Obsessive Compulsive Disorder
Obsessive-compulsive disorder (OCD), is characterized as a type of anxiety disorder. For many suffers OCD can only be described as a disabling condition that locks the sufferer in a dysfunctional, repetitive pattern of irrational thoughts and behaviors. Repetitive behaviors are engaged in impulsively. Individuals that suffer from OCD, do not desire to engage in the repetitive behavior or distressing recurring thoughts, the sufferer is often powerless to stop them. OCD suffers experience distressing thoughts, fears, images, or obsessions, that they would like to extinguish but are powerless to control. Like most behaviors that are continued and maintained, they become reinforced over time. Intense feelings of anxiety can lead to maladaptive means to alleviate negative behaviors and thoughts. Negative and otherwise intrusive thoughts can produce an urgent need to perform certain rituals or routines (compulsions). The compulsive rituals are performed in an attempt to alleviate some of the discomfort associated with the anxiety.
Although, ritualistic behavior may create a temporary relief of anxiety, this by no means allows the sufferer and understanding or reprieve from what is causing and fueling the anxiety. If anxiety is left untreated, maladaptive behaviors and thoughts will return once the individual is placed in a situation that leads to stress. The cycle of OCD can create interferences or prevent those that carry the disorder from living a healthy life. The sufferer may spend a lengthy period performing the same acts, having the same thoughts, without moving forward in a healthy or productive manner. People with OCD may be aware that their obsessions and compulsions are senseless or unrealistic, but they cannot stop them.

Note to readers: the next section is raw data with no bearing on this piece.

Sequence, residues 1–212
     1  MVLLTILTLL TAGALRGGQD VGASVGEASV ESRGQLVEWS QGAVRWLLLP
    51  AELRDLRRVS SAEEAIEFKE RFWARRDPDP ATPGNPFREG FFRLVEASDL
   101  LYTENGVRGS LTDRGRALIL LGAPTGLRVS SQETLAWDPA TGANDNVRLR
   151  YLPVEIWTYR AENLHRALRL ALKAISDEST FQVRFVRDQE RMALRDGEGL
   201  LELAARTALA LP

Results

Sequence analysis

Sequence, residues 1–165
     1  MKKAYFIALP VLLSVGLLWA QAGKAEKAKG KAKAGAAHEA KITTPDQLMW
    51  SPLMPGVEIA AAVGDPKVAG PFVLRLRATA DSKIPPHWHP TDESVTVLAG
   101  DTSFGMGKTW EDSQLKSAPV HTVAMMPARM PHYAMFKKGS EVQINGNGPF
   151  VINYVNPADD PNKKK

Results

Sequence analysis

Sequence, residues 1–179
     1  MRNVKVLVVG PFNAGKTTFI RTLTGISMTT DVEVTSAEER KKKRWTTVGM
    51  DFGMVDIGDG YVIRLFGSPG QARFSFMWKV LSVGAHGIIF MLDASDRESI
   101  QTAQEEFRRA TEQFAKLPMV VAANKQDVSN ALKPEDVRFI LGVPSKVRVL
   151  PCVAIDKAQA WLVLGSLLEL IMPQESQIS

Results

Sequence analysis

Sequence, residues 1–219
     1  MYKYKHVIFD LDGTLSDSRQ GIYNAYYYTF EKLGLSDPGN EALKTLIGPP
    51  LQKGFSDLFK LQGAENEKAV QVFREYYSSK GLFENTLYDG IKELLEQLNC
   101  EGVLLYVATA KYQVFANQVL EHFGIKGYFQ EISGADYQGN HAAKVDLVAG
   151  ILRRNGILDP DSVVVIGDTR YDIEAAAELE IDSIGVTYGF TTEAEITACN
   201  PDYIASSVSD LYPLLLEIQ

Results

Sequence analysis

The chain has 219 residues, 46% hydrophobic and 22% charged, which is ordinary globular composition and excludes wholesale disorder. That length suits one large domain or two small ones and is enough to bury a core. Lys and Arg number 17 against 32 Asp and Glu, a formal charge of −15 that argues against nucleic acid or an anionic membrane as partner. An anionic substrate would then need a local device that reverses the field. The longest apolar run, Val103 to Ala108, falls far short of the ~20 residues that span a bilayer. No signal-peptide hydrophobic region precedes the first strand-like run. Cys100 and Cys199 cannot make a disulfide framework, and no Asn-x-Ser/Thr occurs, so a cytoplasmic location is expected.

Symptoms of OCD Include:
Fear of things being less than “perfect”
Fear of dirt or germs
Fear of making a mistake
Fear of leaving doors unlocked
Fear of leaving the stove or oven on
Fear of embarrassing oneself
Fear of having “unnatural or evil thoughts”
Need for affirmation or validation
Symptoms of Common Compulsions Include:
Repetitive hand washing, showering, etc.
Constant counting of the same things
Refusing to shake hands or touch doorknobs
Constantly arranging and rearranging things
Constantly eating the same foods or eating food in the same order
Repetitively saying the same words or phrases
Constantly checking doors, windows, lights, etc.
Needing to perform the some of the same behaviors or “something bad will happen”.
Hording behaviors, i.e., fear of throwing something away
The specific cause of OCD is not known; however, the following treatment options can be provided to alleviate some of the discomfort associated with the disorder. Treatment for the disorder include, psychotherapy (individual, family, or group) or antidepressant medications to reduce anxiety. Obsessive-compulsive disorder treatment may not result in a cure, but it can help bring symptoms under control so that they don't rule your daily life. Unfortunately, some people will need treatment for the rest of their lives.